|This image of heavy sled pulls was taken during one of the strongmen training sessions in the study at hand - for the full protocol see Table 1 (Winwood. 2014)|
An even more recent study by Paul Winwood et al. that's about to be published in the upcoming issue of the #1 journal for everything strength training, i.e. the Journal of Strength and Conditioning Research, does not just support the findings of Schoenfeld et al. it claims "that short term strongman training programs are as effective as traditional resistance training programs in improving aspects of body composition, muscular function and performance." (Winwood. 2014)
Next to the fact that the two protocols in the study at hand were neither volume-matched nor based on the same exercises, there is yet another highly significant difference between the study at hand and the aforementioned powerlifting vs. classic resistance training study by Schoenfeld et al. the conclusion of the Winwood study is only "statistically correct". From a practical point of view, on the other hand, the body composition part of it is total bullshit.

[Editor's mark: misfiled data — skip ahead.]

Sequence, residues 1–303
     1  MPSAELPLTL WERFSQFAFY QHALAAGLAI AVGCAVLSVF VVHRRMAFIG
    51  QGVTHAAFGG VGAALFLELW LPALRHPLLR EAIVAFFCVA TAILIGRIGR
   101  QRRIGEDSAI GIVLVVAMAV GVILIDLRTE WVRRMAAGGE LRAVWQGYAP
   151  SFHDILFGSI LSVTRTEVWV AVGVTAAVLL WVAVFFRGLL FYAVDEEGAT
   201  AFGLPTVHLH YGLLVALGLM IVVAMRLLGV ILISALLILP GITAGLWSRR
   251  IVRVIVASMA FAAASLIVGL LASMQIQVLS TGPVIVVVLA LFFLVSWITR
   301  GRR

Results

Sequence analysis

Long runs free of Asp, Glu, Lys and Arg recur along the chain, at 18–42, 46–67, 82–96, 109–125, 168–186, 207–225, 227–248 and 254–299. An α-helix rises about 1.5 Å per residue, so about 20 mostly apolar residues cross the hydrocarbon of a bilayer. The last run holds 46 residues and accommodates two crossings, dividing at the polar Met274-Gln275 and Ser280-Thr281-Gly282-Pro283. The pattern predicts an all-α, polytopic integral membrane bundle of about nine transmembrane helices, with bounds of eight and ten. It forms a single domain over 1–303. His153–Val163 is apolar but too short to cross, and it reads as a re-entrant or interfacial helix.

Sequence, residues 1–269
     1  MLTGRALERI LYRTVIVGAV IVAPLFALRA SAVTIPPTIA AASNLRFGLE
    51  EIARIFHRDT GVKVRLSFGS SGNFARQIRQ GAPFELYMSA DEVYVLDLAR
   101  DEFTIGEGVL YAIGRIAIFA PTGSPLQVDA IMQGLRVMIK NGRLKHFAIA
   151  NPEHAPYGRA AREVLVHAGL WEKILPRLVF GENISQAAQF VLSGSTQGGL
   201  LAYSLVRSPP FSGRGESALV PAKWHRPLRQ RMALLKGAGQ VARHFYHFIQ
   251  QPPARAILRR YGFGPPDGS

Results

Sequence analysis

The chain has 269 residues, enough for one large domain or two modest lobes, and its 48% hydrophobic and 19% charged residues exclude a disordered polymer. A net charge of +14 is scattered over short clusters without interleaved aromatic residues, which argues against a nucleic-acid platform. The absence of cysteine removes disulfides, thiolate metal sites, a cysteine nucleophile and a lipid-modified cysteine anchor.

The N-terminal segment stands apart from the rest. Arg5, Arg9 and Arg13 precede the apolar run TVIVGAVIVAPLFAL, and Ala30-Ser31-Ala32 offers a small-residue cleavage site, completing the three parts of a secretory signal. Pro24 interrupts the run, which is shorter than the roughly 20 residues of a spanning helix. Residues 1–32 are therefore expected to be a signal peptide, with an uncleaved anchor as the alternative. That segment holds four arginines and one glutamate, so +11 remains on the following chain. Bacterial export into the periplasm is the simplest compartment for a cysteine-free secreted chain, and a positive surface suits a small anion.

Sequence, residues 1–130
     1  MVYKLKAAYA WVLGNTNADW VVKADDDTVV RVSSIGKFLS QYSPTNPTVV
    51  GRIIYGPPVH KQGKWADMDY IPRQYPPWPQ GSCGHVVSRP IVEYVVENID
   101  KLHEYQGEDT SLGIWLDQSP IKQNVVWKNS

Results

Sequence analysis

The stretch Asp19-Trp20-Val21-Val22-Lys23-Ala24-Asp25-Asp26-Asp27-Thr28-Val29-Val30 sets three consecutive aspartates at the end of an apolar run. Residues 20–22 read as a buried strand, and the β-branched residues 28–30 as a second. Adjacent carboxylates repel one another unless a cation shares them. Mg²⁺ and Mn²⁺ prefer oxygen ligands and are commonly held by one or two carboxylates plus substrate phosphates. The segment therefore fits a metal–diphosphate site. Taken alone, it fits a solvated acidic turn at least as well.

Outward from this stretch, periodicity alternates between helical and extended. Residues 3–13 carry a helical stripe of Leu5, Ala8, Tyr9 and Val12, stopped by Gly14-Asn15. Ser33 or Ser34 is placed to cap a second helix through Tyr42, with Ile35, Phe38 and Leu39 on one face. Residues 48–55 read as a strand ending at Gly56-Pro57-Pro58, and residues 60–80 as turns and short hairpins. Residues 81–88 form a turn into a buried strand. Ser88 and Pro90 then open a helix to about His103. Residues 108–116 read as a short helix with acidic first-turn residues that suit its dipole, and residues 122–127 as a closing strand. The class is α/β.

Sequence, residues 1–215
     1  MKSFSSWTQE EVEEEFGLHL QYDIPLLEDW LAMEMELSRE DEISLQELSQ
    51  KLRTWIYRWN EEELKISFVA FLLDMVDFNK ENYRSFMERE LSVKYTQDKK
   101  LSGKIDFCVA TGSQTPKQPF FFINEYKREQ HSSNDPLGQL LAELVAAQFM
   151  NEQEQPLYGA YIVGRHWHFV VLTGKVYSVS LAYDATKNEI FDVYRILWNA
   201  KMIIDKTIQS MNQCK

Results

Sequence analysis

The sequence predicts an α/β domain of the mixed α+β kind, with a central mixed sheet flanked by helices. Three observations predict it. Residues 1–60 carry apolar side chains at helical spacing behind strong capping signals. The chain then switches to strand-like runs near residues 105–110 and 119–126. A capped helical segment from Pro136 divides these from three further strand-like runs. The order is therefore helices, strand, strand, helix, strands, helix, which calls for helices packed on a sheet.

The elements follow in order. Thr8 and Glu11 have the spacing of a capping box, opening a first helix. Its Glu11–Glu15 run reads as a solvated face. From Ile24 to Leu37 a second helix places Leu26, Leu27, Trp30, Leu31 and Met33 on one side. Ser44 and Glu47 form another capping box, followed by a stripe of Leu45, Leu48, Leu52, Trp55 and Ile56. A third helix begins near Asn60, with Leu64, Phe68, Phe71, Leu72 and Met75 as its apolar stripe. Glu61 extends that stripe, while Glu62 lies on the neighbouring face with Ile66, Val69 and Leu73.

If you take a look at the actual "body composition" data, even a blind man sees that the strongman protocol that consisted seven weeks /two obligatory training sessions per week) of the resistance training protocols outlined in Table 1 and two facultative, non-supervised and recorded sessions of prehabilition exercises, as well as two cardiovascular training sessions per week.
|Table 1: Outline of the training protocols; * indicates that the exercise is performed explosively (Winwood. 2014)|
Published ahead of print warning: I am not 100% sure that the data in the tables of the full text are accurate. The changes in strength parameters, for example are all negative. The article, on the other hand, speaks of increases, which is why I simply removed the "-", when I plotted the graph in Figure 1, which is now in line with the results discussed in the text.This alone wouldn't be that bad, if the conclusion that both training regimen had identical effects on the body composition of the subjects wasn't simply flawed.
|Figure 1: Changes in body composition and strength (Winwood. 2014)|
If the trend the researchers must obviously have overlooked (or ignored) continues, the guys in the "traditional group" will soon look like ripped men's fitness cover models, while the guys in the strongmen group will develop a pot belly. Not exactly what anyone could want. Even if you don't care about being jacked, looking at the effects on body fat, the "traditional" strength training protocol would also classify as the healthier training regimen.
- Winwood, PW, et al. "Strongman versus traditional resistance training effects on muscular function and performance." Journal of Strength and Conditioning Research (2014). Publish Ahead of Print. DOI: 10.1519/JSC.0000000000000629